• Freshly painted white walls,
  • Plain window furnishings,
  • Polished floorboards,
  • Neutral tiles, and
  • New light fittings

4 Get competent and professional trades people

If you’re inspired by The Block 2015 to get in and do some renovating yourself, go for it! But there will be trades people you need to hire including:

  • Builders,
  • Electricians, and
  • Plumbers.

A professional builder will be able to guide you through the renovation maze and help you out with hidden problems like asbestos removal. And they’ll have their own contacts you may want to use.

5 Freshen up the outside

When you’re budgeting for your renovation, make sure you save some money for exterior.

Things to budget for include:

  • Roof and gutters
  • Exterior painting
  • Rendering of brick work
  • Landscaping of garden, and
  • A new letterbox.

Renovating an investment property can be challenging and almost always goes over budget. So before you dive in and take up the challenge, make sure your finances are in good order.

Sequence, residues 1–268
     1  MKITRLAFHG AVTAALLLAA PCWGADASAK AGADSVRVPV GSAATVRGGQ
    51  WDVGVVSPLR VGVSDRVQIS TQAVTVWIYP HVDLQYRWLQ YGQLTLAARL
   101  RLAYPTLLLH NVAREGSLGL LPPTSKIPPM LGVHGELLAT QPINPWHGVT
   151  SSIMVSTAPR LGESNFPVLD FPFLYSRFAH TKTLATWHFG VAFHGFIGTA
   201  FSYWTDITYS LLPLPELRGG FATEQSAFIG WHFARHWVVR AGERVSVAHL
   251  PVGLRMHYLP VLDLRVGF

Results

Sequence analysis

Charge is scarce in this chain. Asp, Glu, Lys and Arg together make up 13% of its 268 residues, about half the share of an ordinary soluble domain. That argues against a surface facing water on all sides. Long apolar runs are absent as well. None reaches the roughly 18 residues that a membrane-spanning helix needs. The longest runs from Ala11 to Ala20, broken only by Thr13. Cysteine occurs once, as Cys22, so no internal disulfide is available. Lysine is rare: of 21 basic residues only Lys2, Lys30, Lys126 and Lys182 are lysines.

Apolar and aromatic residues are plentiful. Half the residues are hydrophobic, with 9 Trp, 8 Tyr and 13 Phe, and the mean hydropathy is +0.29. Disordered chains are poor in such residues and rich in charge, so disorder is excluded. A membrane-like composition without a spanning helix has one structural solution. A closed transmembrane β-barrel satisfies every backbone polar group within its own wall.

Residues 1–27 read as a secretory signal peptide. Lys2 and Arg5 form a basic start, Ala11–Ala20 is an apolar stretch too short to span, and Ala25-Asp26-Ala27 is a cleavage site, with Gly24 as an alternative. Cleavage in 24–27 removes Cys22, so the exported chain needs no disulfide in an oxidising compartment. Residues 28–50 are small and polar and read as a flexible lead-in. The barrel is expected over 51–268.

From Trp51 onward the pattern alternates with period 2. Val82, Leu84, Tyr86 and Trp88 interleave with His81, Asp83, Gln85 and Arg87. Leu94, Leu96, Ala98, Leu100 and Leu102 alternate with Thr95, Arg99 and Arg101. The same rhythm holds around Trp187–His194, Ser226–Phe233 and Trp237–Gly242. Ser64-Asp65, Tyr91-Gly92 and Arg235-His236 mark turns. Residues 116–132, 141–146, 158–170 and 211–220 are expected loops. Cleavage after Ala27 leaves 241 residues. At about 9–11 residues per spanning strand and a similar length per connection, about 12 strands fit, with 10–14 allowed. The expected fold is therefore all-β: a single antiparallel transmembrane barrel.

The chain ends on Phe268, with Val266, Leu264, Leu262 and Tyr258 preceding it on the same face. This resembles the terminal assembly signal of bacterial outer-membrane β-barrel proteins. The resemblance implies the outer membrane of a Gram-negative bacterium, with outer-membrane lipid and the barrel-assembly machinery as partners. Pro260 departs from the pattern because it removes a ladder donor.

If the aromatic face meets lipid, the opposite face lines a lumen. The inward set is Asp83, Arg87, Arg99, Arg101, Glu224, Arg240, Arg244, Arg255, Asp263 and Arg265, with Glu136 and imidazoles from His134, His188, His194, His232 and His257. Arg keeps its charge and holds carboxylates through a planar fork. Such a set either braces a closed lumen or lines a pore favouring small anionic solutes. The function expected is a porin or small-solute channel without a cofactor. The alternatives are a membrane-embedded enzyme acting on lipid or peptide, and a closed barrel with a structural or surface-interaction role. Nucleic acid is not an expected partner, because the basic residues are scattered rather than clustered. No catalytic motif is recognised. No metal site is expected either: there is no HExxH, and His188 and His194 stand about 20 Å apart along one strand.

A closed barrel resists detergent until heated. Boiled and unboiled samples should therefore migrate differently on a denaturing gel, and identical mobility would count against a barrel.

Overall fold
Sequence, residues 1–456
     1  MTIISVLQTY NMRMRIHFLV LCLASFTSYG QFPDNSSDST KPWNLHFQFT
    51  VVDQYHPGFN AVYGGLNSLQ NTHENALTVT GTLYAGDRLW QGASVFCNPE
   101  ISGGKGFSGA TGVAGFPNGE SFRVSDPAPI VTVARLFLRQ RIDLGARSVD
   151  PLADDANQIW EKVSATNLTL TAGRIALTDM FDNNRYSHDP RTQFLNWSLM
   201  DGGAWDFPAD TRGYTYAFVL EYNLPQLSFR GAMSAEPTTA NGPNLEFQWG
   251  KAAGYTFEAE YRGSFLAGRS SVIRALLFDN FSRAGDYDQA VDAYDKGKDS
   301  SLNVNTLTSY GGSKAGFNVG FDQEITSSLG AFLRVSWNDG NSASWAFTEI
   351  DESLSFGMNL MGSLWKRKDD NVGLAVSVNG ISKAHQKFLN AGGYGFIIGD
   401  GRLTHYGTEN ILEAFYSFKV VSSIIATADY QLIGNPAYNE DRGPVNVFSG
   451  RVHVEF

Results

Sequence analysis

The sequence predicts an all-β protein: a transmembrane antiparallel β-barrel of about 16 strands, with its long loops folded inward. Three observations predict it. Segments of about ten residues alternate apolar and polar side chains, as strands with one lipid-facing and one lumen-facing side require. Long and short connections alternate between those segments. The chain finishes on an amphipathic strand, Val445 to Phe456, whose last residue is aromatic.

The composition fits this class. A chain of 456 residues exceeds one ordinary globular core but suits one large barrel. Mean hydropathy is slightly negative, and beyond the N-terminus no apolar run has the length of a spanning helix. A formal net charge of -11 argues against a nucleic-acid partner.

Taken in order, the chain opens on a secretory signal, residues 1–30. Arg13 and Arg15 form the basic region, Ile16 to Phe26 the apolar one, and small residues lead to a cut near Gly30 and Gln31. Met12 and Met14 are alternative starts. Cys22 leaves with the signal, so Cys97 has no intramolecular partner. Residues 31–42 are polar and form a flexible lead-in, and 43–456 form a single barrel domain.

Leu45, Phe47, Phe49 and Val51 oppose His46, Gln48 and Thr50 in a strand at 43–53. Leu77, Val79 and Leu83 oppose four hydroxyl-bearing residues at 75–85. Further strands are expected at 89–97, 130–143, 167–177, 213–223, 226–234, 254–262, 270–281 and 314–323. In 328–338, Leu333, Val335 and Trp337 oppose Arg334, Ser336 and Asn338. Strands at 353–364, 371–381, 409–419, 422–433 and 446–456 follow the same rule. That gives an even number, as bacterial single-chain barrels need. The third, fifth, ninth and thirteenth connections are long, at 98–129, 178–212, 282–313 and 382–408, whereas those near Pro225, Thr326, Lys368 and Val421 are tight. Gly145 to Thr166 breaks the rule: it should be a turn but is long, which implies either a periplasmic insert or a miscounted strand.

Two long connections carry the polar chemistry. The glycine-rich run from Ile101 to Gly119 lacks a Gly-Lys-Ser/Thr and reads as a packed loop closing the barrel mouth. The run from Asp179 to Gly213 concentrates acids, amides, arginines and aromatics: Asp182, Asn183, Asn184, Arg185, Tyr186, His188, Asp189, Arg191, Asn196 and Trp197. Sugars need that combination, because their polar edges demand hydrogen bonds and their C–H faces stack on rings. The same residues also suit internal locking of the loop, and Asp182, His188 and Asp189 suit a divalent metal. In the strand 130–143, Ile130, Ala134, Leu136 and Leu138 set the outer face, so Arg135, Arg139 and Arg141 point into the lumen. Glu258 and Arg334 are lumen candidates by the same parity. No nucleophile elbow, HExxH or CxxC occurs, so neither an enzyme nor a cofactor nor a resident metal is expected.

Like some financial advice before you renovate? Click here to book in for a complimentary chat!

The advice provided in this blog is general advice only. It has been prepared without taking into account your objectives, financial situation or needs. Before acting on this advice you should consider the appropriateness of the advice, having regard to your own objectives, financial situation and needs. For our full disclaimer, please click here.

 

Four Ways To Save Money In 2015

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Four ways to save money in 2015

If one of your financial goals in 2015 is to save money, have you worked out how you’re going to do it?

Here are four ways to save money in 2015 so your financial future looks brighter. 

1 Set realistic saving goals

On New Year’s Day you may feel excited and upbeat about your resolution to save more money, but by early February the euphoria has worn off.

One way to avoid sabotaging your financial goals is to set small, realistic saving goals.